Adam Hershman: One of my favourites is that the beauty of Tumi is that every detail is very deliberate. Something as simple as a zipper, it’s not special to a regular person but someone in Tumi will tell you that many things go into a zipper like the fact that they’re designed to come off when they exceed a certain amount of force tension. Why? Because if it doesn’t pop off, it’s going to rip your bag open and leave your belongings all over the place. These are design elements that makes Tumi “essentially beautiful” – every thing is beautifully designed but yet there are so many extra elements that help people perfect their journey.

Our split case also opens like a clamshell. One side has a separate closure that keeps things compartmentalised and there are pockets that are layered into the interior alongside a strapping system to help you keep things organised. It’s important to have this kind of compartmentalisation else things will fall and wrinkle and you want to avoid those things as much as you can. We also include a trifold sleeve for garments in many of our suitcases, which makes it easy to pack and unpack while knowing where everything is.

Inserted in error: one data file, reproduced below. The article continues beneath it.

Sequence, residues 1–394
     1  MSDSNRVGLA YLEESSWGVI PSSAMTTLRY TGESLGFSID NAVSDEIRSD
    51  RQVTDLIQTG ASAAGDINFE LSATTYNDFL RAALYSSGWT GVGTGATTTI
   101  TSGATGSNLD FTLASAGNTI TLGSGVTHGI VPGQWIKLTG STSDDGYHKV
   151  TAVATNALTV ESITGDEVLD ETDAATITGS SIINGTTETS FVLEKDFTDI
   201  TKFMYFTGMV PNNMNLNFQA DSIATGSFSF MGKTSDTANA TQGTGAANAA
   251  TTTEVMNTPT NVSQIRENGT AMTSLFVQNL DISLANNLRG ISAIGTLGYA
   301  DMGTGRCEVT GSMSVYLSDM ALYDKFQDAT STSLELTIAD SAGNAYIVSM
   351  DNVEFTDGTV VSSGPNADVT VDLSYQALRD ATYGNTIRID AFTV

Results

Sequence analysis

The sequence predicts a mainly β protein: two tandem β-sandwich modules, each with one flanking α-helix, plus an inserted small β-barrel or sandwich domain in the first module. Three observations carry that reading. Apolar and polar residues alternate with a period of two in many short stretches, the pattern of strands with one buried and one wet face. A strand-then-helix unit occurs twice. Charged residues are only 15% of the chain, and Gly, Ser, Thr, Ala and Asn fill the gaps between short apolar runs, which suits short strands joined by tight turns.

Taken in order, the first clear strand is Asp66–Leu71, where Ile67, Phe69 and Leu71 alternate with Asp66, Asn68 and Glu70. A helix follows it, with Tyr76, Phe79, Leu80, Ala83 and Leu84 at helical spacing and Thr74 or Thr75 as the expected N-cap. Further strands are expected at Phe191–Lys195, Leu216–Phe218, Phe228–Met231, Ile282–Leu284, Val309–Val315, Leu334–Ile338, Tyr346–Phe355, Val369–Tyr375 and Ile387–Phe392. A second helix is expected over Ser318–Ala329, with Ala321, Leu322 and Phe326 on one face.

What is the consumer’s first encounter with Tumi?

Adam Hershman: It varies. We run different campaigns and we have so many products today. Had you asked this question 20 years ago, I would tell you – Alpha. But now, we have such a range and so many expressions that how we’re constantly acquiring new customers has evolved. Last year, our collaboration with Razer, was the first time that many of the eSports enthusiasts encountered Tumi. The important thing is whatever a consumer encounters, it has to be a product that represents the best of our values and DNA.

Michael, many of our first encounters with your work would be the Obama piece, why do you think its been so enduring and popular?

Michael Murphy He’s a really unique character in American politics. We’ve never had any like him. He’s historic, a person of colour we’ve had as an American president and I would say that most of my popular artworks have been ones about iconic subjects like Michael Jordan or his Air Jordan shoes. Things like that permeate people’s consciousness and subconsciousness.

When something is iconic, there’s a lot of other culturally relevant materials supporting it like Time Magazine and other really memorable photo spreads. You also see thousands of Air Jordans on kids and you go to an airport, you see thousands of Tumi bags. Being a part of everyone’s consciousness helps.